Sunday 3 February 2019

Movie Review: The World's End (2013)

A wayward invaders-amongst-us comedy, The World's End offers some fun but is hampered by a painful lack of ideas and weak execution.

In England, Gary King (Simon Pegg) is solidly in middle age and has wasted his life away. He still reminisces about the college night in Newton Haven when his group of friends attempted an epic pub crawl but only made it through nine of the twelve pubs before quitting. Gary reconnects with Andy (Nick Frost), Steven (Paddy Considine), Oliver (Martin Freeman), and Peter (Eddie Marsan) to convince them to try again and this time make it to all twelve establishments, ending at the appropriately named The World's End.

Other than Gary all the men have settled down into various careers and none are thrilled to see him, especially teetotaller Andy, but they humour their old friend mostly out of pity. They start the crawl again and bump into Oliver's sister Sam (Rosamund Pike), who had a quickie in the bathroom with Gary on that fateful college night. But more worrisome is the gentrified new look of the pubs, and the weird behaviour of the locals, soon exposed as robots with dark blue blood.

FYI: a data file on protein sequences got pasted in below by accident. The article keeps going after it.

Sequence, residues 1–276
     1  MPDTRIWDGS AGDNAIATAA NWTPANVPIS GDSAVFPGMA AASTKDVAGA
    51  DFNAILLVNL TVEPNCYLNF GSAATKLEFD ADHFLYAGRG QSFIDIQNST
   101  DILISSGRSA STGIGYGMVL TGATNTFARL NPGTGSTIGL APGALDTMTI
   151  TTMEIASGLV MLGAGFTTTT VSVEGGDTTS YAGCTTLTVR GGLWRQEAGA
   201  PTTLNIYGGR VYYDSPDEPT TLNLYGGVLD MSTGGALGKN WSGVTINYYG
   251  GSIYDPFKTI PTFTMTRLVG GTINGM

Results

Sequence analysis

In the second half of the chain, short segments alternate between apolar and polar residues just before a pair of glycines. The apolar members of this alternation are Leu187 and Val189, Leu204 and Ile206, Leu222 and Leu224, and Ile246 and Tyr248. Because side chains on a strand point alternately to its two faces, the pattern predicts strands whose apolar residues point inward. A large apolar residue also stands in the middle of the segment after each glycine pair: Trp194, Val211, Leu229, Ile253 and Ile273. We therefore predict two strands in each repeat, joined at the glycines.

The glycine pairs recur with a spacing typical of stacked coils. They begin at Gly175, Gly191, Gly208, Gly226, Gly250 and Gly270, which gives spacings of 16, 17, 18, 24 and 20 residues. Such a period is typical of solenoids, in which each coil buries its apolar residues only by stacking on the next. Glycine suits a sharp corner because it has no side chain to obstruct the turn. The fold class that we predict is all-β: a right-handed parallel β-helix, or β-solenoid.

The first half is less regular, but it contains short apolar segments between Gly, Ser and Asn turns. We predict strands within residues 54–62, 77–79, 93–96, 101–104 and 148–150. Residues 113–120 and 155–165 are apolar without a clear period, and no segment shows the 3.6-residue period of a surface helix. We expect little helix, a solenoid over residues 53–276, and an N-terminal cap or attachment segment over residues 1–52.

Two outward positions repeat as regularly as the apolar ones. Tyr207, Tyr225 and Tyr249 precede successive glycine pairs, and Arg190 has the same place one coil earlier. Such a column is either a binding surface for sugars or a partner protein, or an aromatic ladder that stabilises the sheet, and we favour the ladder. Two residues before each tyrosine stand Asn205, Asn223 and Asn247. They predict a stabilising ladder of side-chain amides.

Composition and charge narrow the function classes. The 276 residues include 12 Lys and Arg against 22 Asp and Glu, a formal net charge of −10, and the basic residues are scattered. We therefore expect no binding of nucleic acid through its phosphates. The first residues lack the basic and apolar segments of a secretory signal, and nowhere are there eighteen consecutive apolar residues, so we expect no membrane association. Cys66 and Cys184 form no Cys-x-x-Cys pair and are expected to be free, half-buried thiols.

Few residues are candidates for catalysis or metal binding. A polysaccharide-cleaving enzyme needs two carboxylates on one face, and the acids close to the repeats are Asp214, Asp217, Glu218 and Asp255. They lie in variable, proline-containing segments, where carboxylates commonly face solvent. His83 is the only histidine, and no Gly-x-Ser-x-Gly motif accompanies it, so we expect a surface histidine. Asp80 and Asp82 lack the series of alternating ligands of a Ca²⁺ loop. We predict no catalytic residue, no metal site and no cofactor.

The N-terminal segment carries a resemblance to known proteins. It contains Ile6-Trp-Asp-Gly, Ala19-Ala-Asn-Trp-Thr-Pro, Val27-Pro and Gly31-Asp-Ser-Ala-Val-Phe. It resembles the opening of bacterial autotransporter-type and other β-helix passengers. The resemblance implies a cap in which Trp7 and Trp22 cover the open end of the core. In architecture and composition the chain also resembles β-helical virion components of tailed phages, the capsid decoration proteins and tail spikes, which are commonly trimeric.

Combining routine middle aged male angst and overly-familiar something-strange-is-going-on-around-here into a comedy bowl, director and co-writer (with Pegg) Edgar Wright tries to wring a good time out of a tired premise. The success is patchy at best, as The World's End desperately searches for meaningful content, overreaching wildly in its climax towards explaining the entire human condition through an argument with a set of lights.

Despite plenty of fun to be had in the combat scenes between the easily fragmentable, blue ink spewing robots and the guys, Wright and Pegg falter in building their film on a shallow character base. Gary is a prototypical fast-talking (and mostly lying) drunk loser stuck in the glories of high school, and is not provided with any redeeming character arc. His four friends are generally blank slates, and The World's End trawls within a level of interchangeable disinterest.

Rosamund Pike as Sam suffers most of all, and it's not certain anyone knew why she was in the movie. Pierce Brosnan offers a glorified cameo as the college professor who makes an appearance during the second attempt at pub crawl completionism.

As for themes Wright and Pegg may be loosely aiming for, choose from the bland freedom-is-all-that-matters to friendship-is-forever hokum, with a pit stop at it's-better-to-be-a-down-and-out-bum-than-a-generic-robot revelation. It's all drowned in repetitive drinking and fighting scenes until the utterly unconvincing finale. The guys are trying to make it to the final pub, but neither the journey nor the destination are worthwhile.

All Ace Black Blog Movie Reviews are here.

No comments:

Post a Comment

We welcome reader comments about this post.